Wednesday, August 23, 2006

Simplicity and Renunciation

I started writing about a single example of complexity vs. simplicity here. Some continued thoughts...

Another related manner in which complexity adversely affects us is in the possession of "things." How much "stuff" do you own? How much clutter lies around you in your home? Here, too, Buddhism teaches simplicity. But before we get to that, let's just perform a simple thought experiment. Imagine yourself sitting in your home; everything is clean and nicely put away. Your decor is arranged as you like it, in an orderly fashion. You have the minimum number of knickknacks for decor as you feel comfortable with. You surroundings are clean, orderly, and arranged nicely. Take a moment to feel yourself in this scenario.

Now, take that scene and clutter it up. Add in extra knickknacks, extra "stuff." You can keep it orderly, but just add more and more. Whatever you can think to add, add it. Surround yourself with more and more decorations. Look around yourself in this new scene. Take a moment to feel yourself in this scenario. How do your feelings compare to the previous scene?

In Buddhism, renunciation plays a vital role. Complete renunciation is to become a monk. But even as lay practitioners, we are counselled to commit to renunciation. There are several aspects to this practice, and the one of particular interest to us here is that of renouncing sensual pleasures, one of which is worldly goods. As lay practitioners, we cannot, and should not, give up all of our possessions as do monks because we need more to live in society. However, we should carefully examine our possessions. Do we really need 3 television sets? 18 pairs of shoes? Are we really interested in that new CD because of the brilliance of the artist, or is it destined to become another coaster?

The Buddha instructed us in this manner for three reasons. The first is to combat attachment to things. We should be able to give away our goods when they are no longer needed, without feeling undue attachment. If we cannot, this teaches us where to focus our practice. The second is to combat our attachment to self. Owning more leads to the concept of "ownership" arising in our thoughts more often, which leads to the assumption that "I" am the owner, which further cements the delusional view of self that entraps us. The third is the most pragmatic—more stuff makes you feel less calm and clutters your mind with thoughts of that stuff. The image of a zendo, a zen meditation hall, opened this post. Minimal, simple decor relaxes the mind, allows it to focus more directly, more calmly, on seeing one's true nature—the purpose of Buddhist practice.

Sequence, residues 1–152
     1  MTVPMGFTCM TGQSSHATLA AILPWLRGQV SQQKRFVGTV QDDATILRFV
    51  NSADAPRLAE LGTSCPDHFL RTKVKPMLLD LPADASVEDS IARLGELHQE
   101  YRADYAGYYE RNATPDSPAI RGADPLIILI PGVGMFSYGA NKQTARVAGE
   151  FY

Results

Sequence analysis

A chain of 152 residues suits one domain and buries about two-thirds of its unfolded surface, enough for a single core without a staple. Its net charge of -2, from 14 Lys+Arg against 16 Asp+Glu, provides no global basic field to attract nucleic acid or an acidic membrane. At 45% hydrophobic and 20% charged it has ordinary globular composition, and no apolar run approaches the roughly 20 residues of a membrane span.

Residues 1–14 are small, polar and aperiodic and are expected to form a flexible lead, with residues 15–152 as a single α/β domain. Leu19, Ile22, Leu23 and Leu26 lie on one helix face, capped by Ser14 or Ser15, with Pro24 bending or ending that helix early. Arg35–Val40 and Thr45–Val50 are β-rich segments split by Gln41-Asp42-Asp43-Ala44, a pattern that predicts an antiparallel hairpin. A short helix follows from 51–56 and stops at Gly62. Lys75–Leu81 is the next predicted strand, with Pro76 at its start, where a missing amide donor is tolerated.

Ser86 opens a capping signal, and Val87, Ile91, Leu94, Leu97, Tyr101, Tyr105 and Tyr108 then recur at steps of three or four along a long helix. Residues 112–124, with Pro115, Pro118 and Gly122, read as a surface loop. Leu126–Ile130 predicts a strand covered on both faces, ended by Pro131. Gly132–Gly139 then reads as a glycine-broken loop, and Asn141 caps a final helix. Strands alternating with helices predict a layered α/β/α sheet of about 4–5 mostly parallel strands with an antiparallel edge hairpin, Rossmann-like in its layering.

Subdue greed for sensual pleasures,
and see renunciation as rest.
Let there be nothing grasped
or rejected by you.
Burn up what's before,
and have nothing for after.
If you don't grasp
at what's in between,
you will go about, calm.
One completely devoid of greed
for name & form, brahman,
no effluents
by which he would go
under Mara's sway. [1]

[1] Jatukannin's Question, translated by Thanissaro Bhikkhu.

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Cecilia said...

This was on my mind all of last night after having read this in the morning. I'm still in the midst of sorting, selling and packing my things (preparing for my big move to SF).

I really am grateful for what you made me digest. Somehow it started to get easier to "say goodbye" with a lot of my things; less painful to see that my stacks of "for sale" and "to give away" are higher than the ones that says "to pack".

I'm curious to see as to how "zen-ish"-disciplined I'll be in the next stage of my life....especially after having seen now how much clutter I've got collected over the past years...and realizing how useless they really are.

Who needs 13 different frames, anyway? --- 7 of which were stashed away, forgotten, in one corner! :-)